South Korean law forces Apple and Google to let developers bypass 30% app store cut

WWDC 2021 screenshot
(Image credit: Apple)

South Korea has passed a new bill that forces app stores to let developers use payment systems of their choice. Essentially, this means app devs can sidestep Apple and Google’s up to 30% cuts by transacting directly with consumers or using a service that takes a smaller cut.

The Telecommunications Business Act bill passed by South Korea’s National Assembly will become law when it’s signed by President Moon Jae-in, Bloomberg reported, which could be as early as next month. 

The bill has obvious implications for Apple and Google’s businesses, as well as the ongoing legal suits Epic Studios brought against both companies. Epic would now be able to secure payments from users directly by using its own pay system and avoid giving Apple or Google any cut of the revenue. 

Apple has used its App Store as a gatekeeper for software, requiring developers to run through its approval process to release apps intended to run on iPhones (on iOS) and iPads (on iPadOS). Google permits ‘side-loading’ apps for phones and tablets running its Android operating system, but both it and Apple have forced apps to pay through first-party stores: if you’re making money on your app, the tech giant that owns the OS and associated app store will take its cut.

While this rigid control hasn’t been popular with app developers, it’s gone largely unchallenged until Epic engaged in simultaneous legal battles with both Apple and Google. Epic wants to put its own software store on iOS and Android devices, presumably but not officially to pay less or none of the revenue cuts to both tech giants. 

But the South Korean bill wasn’t passed specifically to advocate for expanding software availability on mobile platforms – it only frees up developers to use a different payment service if they choose. Korean lawmakers reportedly passed this legislation to get ahead of Google closing a loophole that exempted the country from needing to use its payment system (and apply its 30% revenue cut) to non-gaming apps, per Bloomberg.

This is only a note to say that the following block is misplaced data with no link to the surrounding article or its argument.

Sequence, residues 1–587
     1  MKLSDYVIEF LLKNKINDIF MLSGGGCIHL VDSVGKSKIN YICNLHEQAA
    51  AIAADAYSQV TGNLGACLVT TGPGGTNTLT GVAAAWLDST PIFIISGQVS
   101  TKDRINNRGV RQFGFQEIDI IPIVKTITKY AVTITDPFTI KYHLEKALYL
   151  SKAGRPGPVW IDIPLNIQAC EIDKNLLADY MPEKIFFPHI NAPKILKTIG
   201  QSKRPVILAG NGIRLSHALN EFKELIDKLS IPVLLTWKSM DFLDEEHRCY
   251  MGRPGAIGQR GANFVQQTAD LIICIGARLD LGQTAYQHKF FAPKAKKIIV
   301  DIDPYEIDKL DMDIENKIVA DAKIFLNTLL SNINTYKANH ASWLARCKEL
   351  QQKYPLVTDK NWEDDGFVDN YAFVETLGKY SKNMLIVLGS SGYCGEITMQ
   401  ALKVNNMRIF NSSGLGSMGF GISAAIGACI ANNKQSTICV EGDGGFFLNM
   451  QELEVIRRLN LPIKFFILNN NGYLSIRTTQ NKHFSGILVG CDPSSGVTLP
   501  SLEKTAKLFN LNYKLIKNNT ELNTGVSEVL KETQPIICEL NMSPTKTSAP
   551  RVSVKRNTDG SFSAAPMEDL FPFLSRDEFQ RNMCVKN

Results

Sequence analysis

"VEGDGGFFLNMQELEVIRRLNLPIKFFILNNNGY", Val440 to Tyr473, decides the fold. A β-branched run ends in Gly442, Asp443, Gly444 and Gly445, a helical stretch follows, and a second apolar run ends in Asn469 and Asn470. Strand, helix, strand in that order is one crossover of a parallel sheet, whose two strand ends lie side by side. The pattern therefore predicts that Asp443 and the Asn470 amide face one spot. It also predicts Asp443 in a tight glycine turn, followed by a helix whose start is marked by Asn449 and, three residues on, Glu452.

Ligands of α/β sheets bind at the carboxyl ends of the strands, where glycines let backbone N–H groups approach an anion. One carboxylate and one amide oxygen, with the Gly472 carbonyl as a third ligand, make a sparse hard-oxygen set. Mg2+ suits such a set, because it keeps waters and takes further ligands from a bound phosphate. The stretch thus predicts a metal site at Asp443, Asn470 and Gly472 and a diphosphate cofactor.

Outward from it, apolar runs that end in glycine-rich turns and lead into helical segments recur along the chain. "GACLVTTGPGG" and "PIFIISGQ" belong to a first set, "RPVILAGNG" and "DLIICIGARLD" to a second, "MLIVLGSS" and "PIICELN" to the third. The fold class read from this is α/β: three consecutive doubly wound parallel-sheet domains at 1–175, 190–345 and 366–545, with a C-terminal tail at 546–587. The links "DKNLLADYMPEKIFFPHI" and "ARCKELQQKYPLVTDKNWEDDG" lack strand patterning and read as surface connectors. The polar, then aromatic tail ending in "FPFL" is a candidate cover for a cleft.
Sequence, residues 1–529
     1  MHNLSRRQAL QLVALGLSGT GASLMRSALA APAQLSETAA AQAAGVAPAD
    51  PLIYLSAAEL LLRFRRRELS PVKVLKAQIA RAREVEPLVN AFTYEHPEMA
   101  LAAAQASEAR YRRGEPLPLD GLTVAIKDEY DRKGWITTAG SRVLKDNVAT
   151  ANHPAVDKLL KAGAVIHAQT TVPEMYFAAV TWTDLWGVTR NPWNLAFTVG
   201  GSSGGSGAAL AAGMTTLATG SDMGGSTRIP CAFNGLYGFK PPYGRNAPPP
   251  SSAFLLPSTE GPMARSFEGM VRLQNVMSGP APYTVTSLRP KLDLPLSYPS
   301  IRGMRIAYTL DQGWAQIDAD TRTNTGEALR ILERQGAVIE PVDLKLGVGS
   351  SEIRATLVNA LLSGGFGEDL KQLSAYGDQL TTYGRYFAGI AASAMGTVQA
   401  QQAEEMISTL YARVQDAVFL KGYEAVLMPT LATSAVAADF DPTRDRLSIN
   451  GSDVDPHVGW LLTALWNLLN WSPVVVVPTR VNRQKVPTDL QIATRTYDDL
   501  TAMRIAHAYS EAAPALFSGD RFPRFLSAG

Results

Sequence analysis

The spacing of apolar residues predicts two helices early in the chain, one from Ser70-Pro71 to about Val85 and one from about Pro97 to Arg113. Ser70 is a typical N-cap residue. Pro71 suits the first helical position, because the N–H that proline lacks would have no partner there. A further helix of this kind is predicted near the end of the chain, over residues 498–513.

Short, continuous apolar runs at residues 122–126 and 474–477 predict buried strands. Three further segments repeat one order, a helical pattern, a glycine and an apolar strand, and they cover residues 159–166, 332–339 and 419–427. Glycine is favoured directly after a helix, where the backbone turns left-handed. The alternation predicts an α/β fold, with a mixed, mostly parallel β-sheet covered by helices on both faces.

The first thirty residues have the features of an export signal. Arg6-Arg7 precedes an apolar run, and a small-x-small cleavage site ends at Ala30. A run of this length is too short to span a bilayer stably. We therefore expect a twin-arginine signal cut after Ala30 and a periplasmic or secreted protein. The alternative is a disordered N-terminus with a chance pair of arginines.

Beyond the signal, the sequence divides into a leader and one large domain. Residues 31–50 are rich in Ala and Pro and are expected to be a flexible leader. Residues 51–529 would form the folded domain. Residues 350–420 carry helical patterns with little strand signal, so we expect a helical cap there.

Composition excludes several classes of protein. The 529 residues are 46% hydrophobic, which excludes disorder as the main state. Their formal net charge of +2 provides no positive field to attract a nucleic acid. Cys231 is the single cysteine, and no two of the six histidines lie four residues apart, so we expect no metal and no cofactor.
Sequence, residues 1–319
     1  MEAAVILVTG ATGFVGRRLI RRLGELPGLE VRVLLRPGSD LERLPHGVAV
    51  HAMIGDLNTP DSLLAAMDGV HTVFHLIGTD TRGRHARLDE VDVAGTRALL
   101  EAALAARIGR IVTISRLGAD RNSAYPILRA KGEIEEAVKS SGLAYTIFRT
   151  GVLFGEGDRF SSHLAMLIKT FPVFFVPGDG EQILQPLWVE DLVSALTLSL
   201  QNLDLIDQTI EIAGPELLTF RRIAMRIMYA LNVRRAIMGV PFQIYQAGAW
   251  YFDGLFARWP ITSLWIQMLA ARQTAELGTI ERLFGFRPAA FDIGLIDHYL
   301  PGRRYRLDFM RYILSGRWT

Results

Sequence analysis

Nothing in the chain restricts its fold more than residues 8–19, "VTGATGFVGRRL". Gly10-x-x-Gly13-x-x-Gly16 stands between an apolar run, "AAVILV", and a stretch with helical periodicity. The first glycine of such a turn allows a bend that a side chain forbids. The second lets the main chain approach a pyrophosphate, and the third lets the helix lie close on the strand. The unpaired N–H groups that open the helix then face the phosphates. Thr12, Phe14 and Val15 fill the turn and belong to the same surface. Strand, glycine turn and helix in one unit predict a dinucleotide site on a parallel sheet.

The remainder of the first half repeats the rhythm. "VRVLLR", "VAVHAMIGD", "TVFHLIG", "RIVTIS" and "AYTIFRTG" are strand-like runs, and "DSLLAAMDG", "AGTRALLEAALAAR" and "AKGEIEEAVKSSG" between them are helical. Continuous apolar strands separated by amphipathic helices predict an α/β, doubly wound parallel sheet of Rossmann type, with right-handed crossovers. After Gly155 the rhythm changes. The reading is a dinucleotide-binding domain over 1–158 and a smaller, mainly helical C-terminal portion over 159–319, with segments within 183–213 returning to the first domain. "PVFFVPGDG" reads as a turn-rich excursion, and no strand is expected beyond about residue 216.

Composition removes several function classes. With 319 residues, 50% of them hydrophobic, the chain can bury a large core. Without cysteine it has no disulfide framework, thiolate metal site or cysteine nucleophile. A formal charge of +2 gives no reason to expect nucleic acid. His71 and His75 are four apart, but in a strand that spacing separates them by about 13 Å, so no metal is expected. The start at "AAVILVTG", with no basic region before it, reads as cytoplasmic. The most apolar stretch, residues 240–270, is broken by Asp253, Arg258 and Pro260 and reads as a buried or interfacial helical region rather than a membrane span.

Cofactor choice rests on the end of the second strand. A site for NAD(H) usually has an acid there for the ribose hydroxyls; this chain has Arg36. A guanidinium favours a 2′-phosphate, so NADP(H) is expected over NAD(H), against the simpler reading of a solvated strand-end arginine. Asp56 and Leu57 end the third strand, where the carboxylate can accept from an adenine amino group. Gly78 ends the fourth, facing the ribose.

Should Apple, Google or other companies fail to comply, they could be fined up to 3% of revenue made in South Korea, according to The Wall Street Journal

Analysis: the first domino to opening up app store payments worldwide?

Both Apple and Google have claimed that restricting software through their app stores has kept users safe, with Apple claiming its efforts prevented a supposed $1.5 billion in fraud. But maintaining their hold on iOS, iPadOS and Android revenue is very lucrative: the Apple App Store and Google Play Store brought in a combined $64.9 billion in revenue in the first half of 2021, per a June report by analyst firm Sensor Tower

The big question is: what does this mean for app markets outside South Korea? While we knew that South Korean lawmakers were going to make a decision about Apple and Google’s app stores, other countries have not introduced similar legislation – at least on a national level.

The US state of Arizona’s lawmakers proposed a bill in March similar to South Korea’s that would free developers from being forced to use Apple and Google’s payment systems. While the bill died in committee before the month’s end, reportedly due to heavy lobbying by both tech giants just before the votes according to The Verge, it shows that some legislators elsewhere in the world are interested in the issue.

That interest could reignite now that South Korea’s efforts have become law – especially showing that legislation can succeed despite pushback from Apple and Google. We’ll have to see whether laws succeed where Epic’s legal trials have not. 

David Lumb

David is now a mobile reporter at Cnet. Formerly Mobile Editor, US for TechRadar, he covered phones, tablets, and wearables. He still thinks the iPhone 4 is the best-looking smartphone ever made. He's most interested in technology, gaming and culture – and where they overlap and change our lives. His current beat explores how our on-the-go existence is affected by new gadgets, carrier coverage expansions, and corporate strategy shifts.